Cafe Spiazzo

5416 Parkcrest Dr, 459-9960
Sun-Thu, 11am-10pm; Fri-Sat, 11am-11pm.

When I was a kid, my mother, an avid cook, refused to make anything too ordinary for dinner. Alfalfa sprout- and green chile-topped "dobe burgers" with spicy mayonnaise were served in place of hamburgers, and one of my earliest encounters with pasta was spaghetti smothered with clam sauce, never meatballs! My upbringing on eclectic dishes became the topic of conversation one evening at Cafe Spiazzo when I chose black pepper liguine with clam sauce ($8.95) from the restaurant's widely varied menu and then attempted to explain my choice to dinner partners who were surprised by my selection.

Justification arrived with the dish -- a bowl of pasta sprinkled with steamed clams, onions, red peppers, garlic, and parsley. Aromatic and fresh, the pasta was moistened by a light sauce of white wine and olive oil, and I delighted in its simplicity. Although samples of the entrée didn't elicit unanimous "wows" from my friends, everyone did agree the pasta had all the trappings of comfort food -- quality ingredients and straightforward execution. Overwhelming approval went to a chalkboard special generously loaded with scallops, shrimp, mussels, onions, mushrooms, tomatoes, and spinach in a Southwestern-inspired ancho-honey-lime-marsala sauce over jalapeño fettuccine. Although a marked departure from classic Italian, the flavors blended harmoniously. Cafe Spiazzo handles innovation well. In fact, the surprisingly intimate restaurant (given its strip-mall location) features an unusual assortment of traditional Italian favorites, more mod designer pizzas, and a number of unique "Italy SXSW" specialties.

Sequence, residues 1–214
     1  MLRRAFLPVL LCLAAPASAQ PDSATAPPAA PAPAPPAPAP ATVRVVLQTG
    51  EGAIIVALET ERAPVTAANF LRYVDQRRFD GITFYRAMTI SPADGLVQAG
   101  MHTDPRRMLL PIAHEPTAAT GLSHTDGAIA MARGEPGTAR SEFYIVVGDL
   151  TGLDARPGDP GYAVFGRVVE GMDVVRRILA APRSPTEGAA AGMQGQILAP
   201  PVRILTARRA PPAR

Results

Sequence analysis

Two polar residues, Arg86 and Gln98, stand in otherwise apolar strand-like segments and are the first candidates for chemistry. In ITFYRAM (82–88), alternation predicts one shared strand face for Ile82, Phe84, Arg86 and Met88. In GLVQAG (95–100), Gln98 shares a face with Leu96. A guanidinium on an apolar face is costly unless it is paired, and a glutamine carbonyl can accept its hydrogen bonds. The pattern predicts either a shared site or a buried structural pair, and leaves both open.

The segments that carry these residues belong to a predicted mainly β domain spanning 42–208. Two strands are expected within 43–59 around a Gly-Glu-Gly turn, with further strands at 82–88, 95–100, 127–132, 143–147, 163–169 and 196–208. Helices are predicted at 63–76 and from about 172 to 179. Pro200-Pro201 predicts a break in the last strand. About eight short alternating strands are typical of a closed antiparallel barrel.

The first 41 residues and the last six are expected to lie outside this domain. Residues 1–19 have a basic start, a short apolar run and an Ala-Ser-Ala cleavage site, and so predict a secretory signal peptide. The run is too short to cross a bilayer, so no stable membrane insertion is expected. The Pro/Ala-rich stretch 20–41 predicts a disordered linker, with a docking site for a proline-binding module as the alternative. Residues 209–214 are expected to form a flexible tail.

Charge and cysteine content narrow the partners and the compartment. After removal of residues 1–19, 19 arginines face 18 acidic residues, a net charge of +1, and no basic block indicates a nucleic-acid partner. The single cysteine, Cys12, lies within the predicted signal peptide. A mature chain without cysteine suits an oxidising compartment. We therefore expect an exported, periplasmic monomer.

The classic Sicilian caponata appetizer ($6.45), served with garlic baked until it's as smooth as butter, tangy goat cheese, and toasted slabs of rustic bread is an excellent, traditional way to begin a meal. More unusual is the Spicy Chipotle Cappellini entrée ($7.95/$9.95 with grilled chicken) in which Italian standbys such as mushrooms, artichoke hearts, sun-dried tomatoes, onion, and whole garlic cloves are ignited by a smoky sauce of Southwestern fire. The pizza di pollo (7.95), a thin-crusted round spread with grilled chicken, sun-dried tomato pesto, mushrooms, red onions, cheese, and garlic cloves, proved to be enough for two to share, especially when accompanied by the cool tomatoes caprese salad ($4.95), a generous portion of ripe tomatoes and cubes of fresh, spongy mozzarella tossed in balsamic vinegar and olive oil.

The wine list at Cafe Spiazzo is relatively broad, although in a nod to Italian trattorias, the restaurant also serves an enjoyable house wine by the liter or half-liter. Desserts are ever-changing, as are pizza and pasta specials. And did I mention the festive, splatter-painted decor?

-- Rebecca Chastenet de Géry

A note to readers: Bold and uncensored, The Austin Chronicle has been Austin’s independent news source for over 40 years, expressing the community’s political and environmental concerns and supporting its active cultural scene. Now more than ever, we need your support to continue supplying Austin with independent, free press. If real news is important to you, please consider making a donation of $5, $10 or whatever you can afford, to help keep our journalism on stands.

Support the Chronicle  

One click gets you all the newsletters listed below

Breaking news, arts coverage, and daily events

Keep up with happenings around town

Kevin Curtin's bimonthly cannabis musings

Austin's queerest news and events

Eric Goodman's Austin FC column, other soccer news

Information is power. Support the free press, so we can support Austin.   Support the Chronicle